Toyota warns production could grind to a halt in the case of a no-deal Brexit

 
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New Toyota Production Line Opens
The car manufacturer warned a "no-deal" Brexit could affect production at its plant in Burnaston (Source: Getty)

Car manufacturer Toyota has warned that a "no-deal" Brexit could force it to stop production at one of its key UK plants.


The firm is one of the biggest car makers in the UK, and relies on components from the EU to make its vehicles.

But today it has raised concerns that a "no-deal" Brexit would lead to it temporarily halting production at its facility in Burnaston, near Derby, which makes around 150,000 cars a year.

"My view is that if Britain crashes out of the EU at the end of March we will see production stops in our factor," Marvin Cooke, Toyota's managing director at Burnaston told the BBC.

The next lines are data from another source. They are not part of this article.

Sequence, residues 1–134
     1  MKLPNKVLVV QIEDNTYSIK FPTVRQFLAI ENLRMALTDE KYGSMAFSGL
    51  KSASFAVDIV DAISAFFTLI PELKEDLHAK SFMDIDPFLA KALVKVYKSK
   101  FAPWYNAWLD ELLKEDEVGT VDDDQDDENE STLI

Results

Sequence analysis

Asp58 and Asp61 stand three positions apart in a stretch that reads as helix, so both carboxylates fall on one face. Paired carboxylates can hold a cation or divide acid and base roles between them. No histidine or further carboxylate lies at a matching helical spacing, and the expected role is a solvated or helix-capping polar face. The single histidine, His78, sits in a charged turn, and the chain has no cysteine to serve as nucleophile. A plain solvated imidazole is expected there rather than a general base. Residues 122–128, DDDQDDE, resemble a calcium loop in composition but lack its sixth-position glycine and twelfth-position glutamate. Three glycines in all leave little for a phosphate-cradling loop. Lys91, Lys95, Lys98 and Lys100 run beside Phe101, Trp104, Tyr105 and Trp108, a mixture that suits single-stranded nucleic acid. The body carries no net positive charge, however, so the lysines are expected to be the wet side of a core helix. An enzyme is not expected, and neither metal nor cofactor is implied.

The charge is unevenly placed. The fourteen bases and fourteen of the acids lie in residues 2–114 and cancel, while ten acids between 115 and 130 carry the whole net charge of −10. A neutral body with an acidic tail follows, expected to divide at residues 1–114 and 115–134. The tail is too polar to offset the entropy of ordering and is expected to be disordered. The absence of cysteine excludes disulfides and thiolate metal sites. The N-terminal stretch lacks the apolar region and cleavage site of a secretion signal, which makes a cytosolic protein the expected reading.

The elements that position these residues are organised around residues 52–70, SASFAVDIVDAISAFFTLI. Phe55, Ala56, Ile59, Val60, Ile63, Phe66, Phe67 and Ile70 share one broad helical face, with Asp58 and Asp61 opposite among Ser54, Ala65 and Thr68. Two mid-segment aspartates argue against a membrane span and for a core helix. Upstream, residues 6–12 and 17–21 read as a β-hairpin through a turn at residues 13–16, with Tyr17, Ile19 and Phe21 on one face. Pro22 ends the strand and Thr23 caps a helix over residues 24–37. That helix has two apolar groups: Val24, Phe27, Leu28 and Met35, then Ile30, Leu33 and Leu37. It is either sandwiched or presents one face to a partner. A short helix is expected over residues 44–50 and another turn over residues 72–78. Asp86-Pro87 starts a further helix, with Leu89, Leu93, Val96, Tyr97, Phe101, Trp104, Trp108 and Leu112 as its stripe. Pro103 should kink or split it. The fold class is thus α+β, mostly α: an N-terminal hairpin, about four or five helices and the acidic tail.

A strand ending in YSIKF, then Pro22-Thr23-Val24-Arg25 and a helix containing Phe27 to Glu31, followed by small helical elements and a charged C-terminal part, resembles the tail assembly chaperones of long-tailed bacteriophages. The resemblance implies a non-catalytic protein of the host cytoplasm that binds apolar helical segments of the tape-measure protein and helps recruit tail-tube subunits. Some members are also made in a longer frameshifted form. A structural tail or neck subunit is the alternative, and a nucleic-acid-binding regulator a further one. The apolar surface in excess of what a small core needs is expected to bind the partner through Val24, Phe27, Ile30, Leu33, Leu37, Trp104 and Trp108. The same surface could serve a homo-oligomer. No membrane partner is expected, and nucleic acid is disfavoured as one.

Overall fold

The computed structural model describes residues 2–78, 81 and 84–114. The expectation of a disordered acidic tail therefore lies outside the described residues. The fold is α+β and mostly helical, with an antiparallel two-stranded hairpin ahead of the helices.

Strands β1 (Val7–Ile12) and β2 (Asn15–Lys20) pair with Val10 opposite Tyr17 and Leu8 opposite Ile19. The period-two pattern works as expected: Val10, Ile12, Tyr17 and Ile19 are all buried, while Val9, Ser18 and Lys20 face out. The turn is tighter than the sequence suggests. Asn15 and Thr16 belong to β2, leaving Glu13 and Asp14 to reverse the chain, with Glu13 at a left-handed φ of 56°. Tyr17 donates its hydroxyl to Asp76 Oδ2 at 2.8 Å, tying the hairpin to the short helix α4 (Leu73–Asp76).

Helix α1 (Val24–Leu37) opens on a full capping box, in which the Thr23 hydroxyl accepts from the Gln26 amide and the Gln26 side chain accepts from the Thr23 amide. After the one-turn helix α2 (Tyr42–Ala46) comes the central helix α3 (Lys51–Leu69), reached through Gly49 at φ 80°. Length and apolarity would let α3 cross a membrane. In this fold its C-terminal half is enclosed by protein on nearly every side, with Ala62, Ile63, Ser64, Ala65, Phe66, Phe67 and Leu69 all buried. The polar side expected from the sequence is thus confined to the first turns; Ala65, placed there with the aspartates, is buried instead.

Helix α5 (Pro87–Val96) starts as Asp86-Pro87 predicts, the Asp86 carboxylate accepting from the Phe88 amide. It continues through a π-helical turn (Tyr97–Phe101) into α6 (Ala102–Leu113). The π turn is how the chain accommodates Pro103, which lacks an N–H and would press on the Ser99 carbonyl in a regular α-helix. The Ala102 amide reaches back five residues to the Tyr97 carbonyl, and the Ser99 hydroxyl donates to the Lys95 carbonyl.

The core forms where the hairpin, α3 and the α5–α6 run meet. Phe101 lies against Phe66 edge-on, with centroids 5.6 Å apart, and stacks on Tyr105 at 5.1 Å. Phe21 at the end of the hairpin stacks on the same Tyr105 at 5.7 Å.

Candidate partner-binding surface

He did not give any details on how long a potential stoppage could last for, but hinted it could last for "hours, days, weeks - even months".


Read more: No-deal Brexit could lead to tariffs of £9.3bn on EU food, report warns

The plant at Burnaston makes the UK's fourth best selling car - the Toyota Auris. The Japanese firm is investing £250m in the site so it can start making its Corolla model at the plant from the end of this year.

It's planning to take on 400 additional staff at the factory on top of the 4,000 workers it already employs there.

Other manufacturers have also raised concerns that a no-deal Brexit scenario could affect production.

Honda told Reuters it was identifying components to stockpile, while Jaguar Land Rover warned it could lose £1.2bn if Britain crashed out the EU without a deal.

A spokesperson for the UK government said:

We are determined to ensure that the UK continues to be one of the most competitive locations in the world for automotive and other advanced manufacturing.

We have put forward a precise and credible plan for our future relationship with the EU. As part of this we have proposed a UK-EU free trade area underpinned by a common rulebook on manufactured goods, such as automotives.

Read more: Moody's: BA and Easyjet among airlines 'most exposed to a no-deal Brexit'

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